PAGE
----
New Study from Food Scientists Reveal The Parade Foods That Are Most Likely to Spoil Your Mardi Gras
Whether you're doing Mardi Gras in the big city or keeping it local in your small town, parade food is a must.
But are you putting yourself at risk with your Mardi Gras parade snacks? When it comes to making your Mardi Gras parade plans, it's definitely more of a marathon than a sprint, but food safety is something that can go overlooked when you're more worried about parking, keeping an eye on the kids, and your head on a swivel for beads flying from passing floats.
We're less than a week away from Fat Tuesday, and only days away from what has been coined as the "Deep Gras" with new information from food scientists at the University of Holy Cross in New Orleans.
New research from UHC breaks down which Carnival parade foods are most likely to "spoil" your Mardi Gras based on their respective levels of foodborne bacteria in a typical parade environment.
In the first-of-its-kind study, researchers tested fried chicken, ham and cheese sandwiches, jambalaya, onion dip, dairy-based daiquiris, and an ice chest full of beer.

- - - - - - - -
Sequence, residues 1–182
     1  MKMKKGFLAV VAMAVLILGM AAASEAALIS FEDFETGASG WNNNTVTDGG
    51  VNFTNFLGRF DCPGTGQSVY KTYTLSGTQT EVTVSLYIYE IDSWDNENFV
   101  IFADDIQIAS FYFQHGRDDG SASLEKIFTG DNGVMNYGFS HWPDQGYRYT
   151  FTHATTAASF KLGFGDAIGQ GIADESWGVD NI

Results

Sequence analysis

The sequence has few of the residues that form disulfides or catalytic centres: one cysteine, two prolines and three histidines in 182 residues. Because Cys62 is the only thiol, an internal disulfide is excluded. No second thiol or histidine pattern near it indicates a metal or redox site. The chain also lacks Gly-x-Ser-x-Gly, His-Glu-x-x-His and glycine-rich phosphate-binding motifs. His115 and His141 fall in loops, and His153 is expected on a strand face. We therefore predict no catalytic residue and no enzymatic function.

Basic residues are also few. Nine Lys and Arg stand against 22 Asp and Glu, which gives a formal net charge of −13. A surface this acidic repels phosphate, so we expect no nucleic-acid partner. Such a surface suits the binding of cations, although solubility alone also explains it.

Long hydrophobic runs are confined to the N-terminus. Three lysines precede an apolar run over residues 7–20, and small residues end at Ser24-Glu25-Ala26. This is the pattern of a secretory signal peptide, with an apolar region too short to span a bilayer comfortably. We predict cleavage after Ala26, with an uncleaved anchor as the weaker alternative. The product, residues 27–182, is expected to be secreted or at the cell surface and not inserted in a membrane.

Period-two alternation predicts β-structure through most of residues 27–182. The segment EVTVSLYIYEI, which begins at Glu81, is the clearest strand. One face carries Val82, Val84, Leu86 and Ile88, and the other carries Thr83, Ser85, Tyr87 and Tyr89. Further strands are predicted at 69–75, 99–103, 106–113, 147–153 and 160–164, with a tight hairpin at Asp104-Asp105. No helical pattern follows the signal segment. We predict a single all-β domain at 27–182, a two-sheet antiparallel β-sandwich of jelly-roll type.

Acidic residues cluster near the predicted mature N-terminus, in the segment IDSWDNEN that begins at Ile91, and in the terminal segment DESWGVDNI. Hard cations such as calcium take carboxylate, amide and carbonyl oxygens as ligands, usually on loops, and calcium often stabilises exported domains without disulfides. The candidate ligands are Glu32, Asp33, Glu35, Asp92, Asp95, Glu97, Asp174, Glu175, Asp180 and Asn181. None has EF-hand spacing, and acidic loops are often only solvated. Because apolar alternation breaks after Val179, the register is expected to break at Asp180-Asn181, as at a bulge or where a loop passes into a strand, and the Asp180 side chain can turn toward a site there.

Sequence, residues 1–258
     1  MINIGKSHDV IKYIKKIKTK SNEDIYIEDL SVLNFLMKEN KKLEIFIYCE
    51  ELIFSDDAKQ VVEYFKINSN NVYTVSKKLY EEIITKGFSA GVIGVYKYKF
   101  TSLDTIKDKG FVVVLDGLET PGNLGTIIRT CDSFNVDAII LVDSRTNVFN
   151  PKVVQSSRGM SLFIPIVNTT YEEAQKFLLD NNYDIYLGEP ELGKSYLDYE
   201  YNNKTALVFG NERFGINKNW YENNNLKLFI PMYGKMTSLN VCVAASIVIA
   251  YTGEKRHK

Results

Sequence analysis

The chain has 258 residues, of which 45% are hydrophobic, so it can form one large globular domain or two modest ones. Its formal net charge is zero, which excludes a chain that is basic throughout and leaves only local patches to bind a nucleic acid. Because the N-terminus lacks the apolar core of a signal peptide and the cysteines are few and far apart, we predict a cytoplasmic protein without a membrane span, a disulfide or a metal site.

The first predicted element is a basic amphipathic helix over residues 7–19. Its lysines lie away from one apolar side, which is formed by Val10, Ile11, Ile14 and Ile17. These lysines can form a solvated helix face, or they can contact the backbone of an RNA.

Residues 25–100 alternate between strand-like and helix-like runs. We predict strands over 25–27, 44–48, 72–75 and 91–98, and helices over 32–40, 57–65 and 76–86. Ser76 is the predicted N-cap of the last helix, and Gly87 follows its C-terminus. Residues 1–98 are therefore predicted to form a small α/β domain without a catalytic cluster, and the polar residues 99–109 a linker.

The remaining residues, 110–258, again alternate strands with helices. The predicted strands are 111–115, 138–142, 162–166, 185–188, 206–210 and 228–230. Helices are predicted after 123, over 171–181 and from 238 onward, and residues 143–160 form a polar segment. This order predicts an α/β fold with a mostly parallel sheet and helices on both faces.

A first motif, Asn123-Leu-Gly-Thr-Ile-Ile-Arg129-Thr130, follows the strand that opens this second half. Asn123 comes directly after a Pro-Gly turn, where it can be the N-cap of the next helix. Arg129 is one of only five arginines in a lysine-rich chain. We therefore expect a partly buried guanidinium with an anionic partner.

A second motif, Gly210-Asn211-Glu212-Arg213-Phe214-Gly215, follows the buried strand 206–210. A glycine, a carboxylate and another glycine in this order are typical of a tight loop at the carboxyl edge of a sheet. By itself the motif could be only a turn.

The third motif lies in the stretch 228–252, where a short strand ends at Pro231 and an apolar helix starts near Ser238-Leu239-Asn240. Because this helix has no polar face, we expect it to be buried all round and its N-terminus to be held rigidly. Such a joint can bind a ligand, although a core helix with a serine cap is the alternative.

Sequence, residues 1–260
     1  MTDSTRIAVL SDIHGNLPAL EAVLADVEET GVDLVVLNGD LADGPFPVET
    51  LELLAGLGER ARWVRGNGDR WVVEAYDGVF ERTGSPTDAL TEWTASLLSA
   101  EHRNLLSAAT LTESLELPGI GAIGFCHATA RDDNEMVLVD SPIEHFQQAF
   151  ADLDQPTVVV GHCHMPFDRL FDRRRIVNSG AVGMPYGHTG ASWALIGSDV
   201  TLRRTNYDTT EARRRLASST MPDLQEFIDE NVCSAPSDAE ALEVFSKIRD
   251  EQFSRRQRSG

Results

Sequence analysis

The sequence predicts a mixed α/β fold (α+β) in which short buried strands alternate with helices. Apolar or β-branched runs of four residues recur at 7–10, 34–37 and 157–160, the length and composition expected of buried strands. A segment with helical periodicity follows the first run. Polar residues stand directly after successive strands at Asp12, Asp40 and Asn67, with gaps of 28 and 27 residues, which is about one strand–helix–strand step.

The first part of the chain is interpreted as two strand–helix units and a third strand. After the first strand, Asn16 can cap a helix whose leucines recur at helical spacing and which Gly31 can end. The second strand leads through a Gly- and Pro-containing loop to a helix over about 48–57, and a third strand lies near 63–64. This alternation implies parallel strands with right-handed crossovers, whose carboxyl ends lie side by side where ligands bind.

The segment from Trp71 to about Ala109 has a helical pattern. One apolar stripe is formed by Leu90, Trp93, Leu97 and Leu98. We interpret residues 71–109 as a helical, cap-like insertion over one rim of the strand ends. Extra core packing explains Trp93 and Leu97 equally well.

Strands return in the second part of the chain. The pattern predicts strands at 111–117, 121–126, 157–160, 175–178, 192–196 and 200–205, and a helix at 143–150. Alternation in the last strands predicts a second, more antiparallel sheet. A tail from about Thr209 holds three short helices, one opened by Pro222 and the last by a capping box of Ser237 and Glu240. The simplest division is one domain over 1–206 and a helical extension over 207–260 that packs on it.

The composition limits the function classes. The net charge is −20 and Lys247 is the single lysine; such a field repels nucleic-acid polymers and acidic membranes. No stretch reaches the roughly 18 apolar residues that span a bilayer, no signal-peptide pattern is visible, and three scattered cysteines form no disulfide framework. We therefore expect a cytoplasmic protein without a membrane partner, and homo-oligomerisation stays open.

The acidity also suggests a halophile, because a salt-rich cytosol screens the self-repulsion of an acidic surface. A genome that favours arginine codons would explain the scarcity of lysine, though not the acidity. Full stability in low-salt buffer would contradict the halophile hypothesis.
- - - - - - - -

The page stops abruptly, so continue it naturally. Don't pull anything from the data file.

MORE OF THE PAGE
To complete the study, food and the ice chest samples left at room temperature were checked every two hours for a maximum of eight hours to check for foodborne bacteria and pathogen growth.
Surprisingly, the only food items that showed "significant growth" when it came to the testing were the ham and cheese sandwiches.
Of all items tested, researchers did find that the ice chest with canned beer was "the most unsanitary even after just two hours of hands reaching in to grab a beer or soft drink after handing Mardi Gras beads."
UHC Food Science Program Director Dr. Darryl Holiday said hand sanitizer is a must for those bringing their own brews to the Mardi Gras parades.
Next time you reach for that ice-cold beer on the parade route, you may want to think twice after picking it up and sanitize your hands and make sure you thoroughly clean your cooler after a long day of parades. And while we found most of the food to not show major bacterial growth after being left at room temperature for eight hours, we still recommend storing everything in cold storage as best as possible.
Take this new information with you to the parades this weekend and know that your delicious fried chicken, boudin, and beer should be safe to consume during a long day of Mardi Gras celebrations.
You can check out more info on the UHC Food Science Program here on the official Holy Cross website.